We have our share of misunderstandings - a 34 year old and a toddler! I am constantly correcting her or telling her not to do certain things. She's not always happy when I do that. When I saw she has started to understand my instructions - I started giving her short time outs whenever she wilfully disobeys my instructions. Both of us exhibit the eldest child syndrome (because we both are) - or maybe it's the stubbornness in us (she was born in the year of the ox, under the sign of aries; i was born in the year of the snake, under the sign of Taurus). We always spend the first few minutes of our "misunderstanding" not talking to each other doing our own thing - and then we both melt, and then kiss and make up. At this age, I can see my daughter has an implicit sense of awareness about emotions - she knows when she has made me feel bad, and uses her charms to win me back.

I am selfishly happy with all this. I know this will not last forever. My little girl will grow up and will want to do other things without me. She will want to be free from my watchful eyes. But all those are things of tomorrow - what's important is today. Today, she's all mine - and she wants it to be my turn. Oh, how I cherish today!

"Many of the things we need can wait. The child cannot. To him we cannot answer 'Tomorrow,' his name is today." - Gabriela Mistral

Originally written on July 22, 2011.

The Corporate Housewife Mom

What is the corporate housewife mom? I've been obsessing about it for the past few days. I like to think of myself as that - because I work almost 10 hour days (yes, i read my mail while eating lunch most days), own a company issued blackberry (therefore i am accessible 24 hours a day), aspire to be the best mom I can be to my 2.2 year old daughter (and baby number 2, now 8mos in my tummy), and the best wife I can be to my 35 (almost 36) year old husband. I AM A corporate housewife mom - but not necessarily in that order.

These 3 roles do not necessarily meld together like coffee, cream and sugar... unfortunately. There are days when I really wish I did not have to leave for work... especially when my daughter wants to cuddle in bed, and tells me with eyes half closed... "still sleepy...". On sundays, I wish I can always make a nice breakfast/brunch for hubby - but I also like spending sunday mornings chatting with him in bed. I wish I could spend a few hours each day tidying up or organizing things at home... but I only have 24 hours in a day. When I get home at 8pm - the priorities are my husband and my daughter. The days when I need to stay late at the office, or attend an office affair... my mind is always revolving around what time I can escape to spend some precious time with them.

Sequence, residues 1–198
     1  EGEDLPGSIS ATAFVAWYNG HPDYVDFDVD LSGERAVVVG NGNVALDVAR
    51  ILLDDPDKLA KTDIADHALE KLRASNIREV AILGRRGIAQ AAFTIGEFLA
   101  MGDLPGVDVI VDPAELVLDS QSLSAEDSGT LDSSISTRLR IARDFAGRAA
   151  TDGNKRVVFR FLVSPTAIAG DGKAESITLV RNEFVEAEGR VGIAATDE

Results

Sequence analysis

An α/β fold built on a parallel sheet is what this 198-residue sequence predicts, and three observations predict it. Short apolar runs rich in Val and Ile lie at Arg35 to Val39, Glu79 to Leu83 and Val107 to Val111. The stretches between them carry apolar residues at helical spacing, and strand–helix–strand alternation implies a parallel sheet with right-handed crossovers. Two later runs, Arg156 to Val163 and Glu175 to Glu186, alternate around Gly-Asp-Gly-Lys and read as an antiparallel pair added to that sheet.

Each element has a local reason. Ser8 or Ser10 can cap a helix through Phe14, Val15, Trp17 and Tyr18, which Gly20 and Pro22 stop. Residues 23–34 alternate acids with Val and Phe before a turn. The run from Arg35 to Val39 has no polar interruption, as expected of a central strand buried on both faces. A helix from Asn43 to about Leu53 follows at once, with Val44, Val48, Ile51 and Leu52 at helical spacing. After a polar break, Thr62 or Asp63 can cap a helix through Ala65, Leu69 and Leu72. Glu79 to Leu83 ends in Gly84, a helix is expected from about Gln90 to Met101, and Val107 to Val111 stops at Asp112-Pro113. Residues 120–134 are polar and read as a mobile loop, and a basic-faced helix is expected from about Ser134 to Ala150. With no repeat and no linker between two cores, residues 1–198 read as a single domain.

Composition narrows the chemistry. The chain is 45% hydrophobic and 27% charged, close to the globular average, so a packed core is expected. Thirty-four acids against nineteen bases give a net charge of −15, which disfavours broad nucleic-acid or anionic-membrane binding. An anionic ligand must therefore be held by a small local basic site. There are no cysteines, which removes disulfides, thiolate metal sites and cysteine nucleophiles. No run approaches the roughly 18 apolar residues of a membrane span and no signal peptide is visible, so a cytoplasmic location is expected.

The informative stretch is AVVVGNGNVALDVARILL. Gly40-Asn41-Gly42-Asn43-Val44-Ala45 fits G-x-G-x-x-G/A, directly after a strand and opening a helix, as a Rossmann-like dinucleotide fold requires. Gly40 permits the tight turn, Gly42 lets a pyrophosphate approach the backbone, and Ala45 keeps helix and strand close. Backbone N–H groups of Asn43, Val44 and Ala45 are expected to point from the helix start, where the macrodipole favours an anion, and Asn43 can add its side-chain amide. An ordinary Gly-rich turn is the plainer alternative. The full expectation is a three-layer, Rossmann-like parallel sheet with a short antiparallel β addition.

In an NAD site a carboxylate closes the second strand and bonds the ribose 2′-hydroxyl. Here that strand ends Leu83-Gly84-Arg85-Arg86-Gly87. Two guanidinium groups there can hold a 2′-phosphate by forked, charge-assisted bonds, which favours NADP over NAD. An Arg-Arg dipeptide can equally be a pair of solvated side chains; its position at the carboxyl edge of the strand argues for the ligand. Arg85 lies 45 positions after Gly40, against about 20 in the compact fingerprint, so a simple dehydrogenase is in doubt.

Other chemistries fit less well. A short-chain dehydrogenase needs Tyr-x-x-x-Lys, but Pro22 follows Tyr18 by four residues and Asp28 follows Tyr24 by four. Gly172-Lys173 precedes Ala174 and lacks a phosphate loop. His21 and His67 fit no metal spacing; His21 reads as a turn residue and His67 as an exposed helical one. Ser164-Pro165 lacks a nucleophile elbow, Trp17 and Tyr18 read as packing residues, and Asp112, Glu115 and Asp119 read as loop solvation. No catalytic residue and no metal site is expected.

I have to remember to check on my daughter during the day - but I usually forget as I get involved in meetings, answering emails, worksheets and the like. I have to check on urgent email in the evenings... but I cannot always do so because I am too involved in focusing on catching up with my husband and spending quality time with my daughter. In the office, I would sometimes have to think about what food I can prepare to send with my husband, when he goes to work. At home, I would worry about issues I am facing at work or a report left unsubmitted.

People have succeeded with alternative work strategies - some spend a few days working from home to be able to spend more time with their families. Some bring home work so they can work late into the evening. I fail miserably at bringing home work - so I have not even considered going into alternative work strategy. I salute the people who have succeeded... It just is not me. I still like the clear delineations between the office and the home... weekdays and weekends... workdays and holidays. 

I am lucky to have a husband who understands (most of the time) that I like working and what I do. I am lucky to have people who help me to take over the roles I am missing as mommy and wife - my mother in law, my mom, the nanny, the cook, my husband (as mommy). I am lucky too that my boss understands too the importance of my family.

Whether as a wife, a mom or a career woman - I know I am not perfect. I fail at a lot of things but I have had my share of successes. At the end of day - even if I cannot give all my time to one role - I try to give all my best into each role. I am a corporate housewife mom. 

Originally written on July 9, 2011.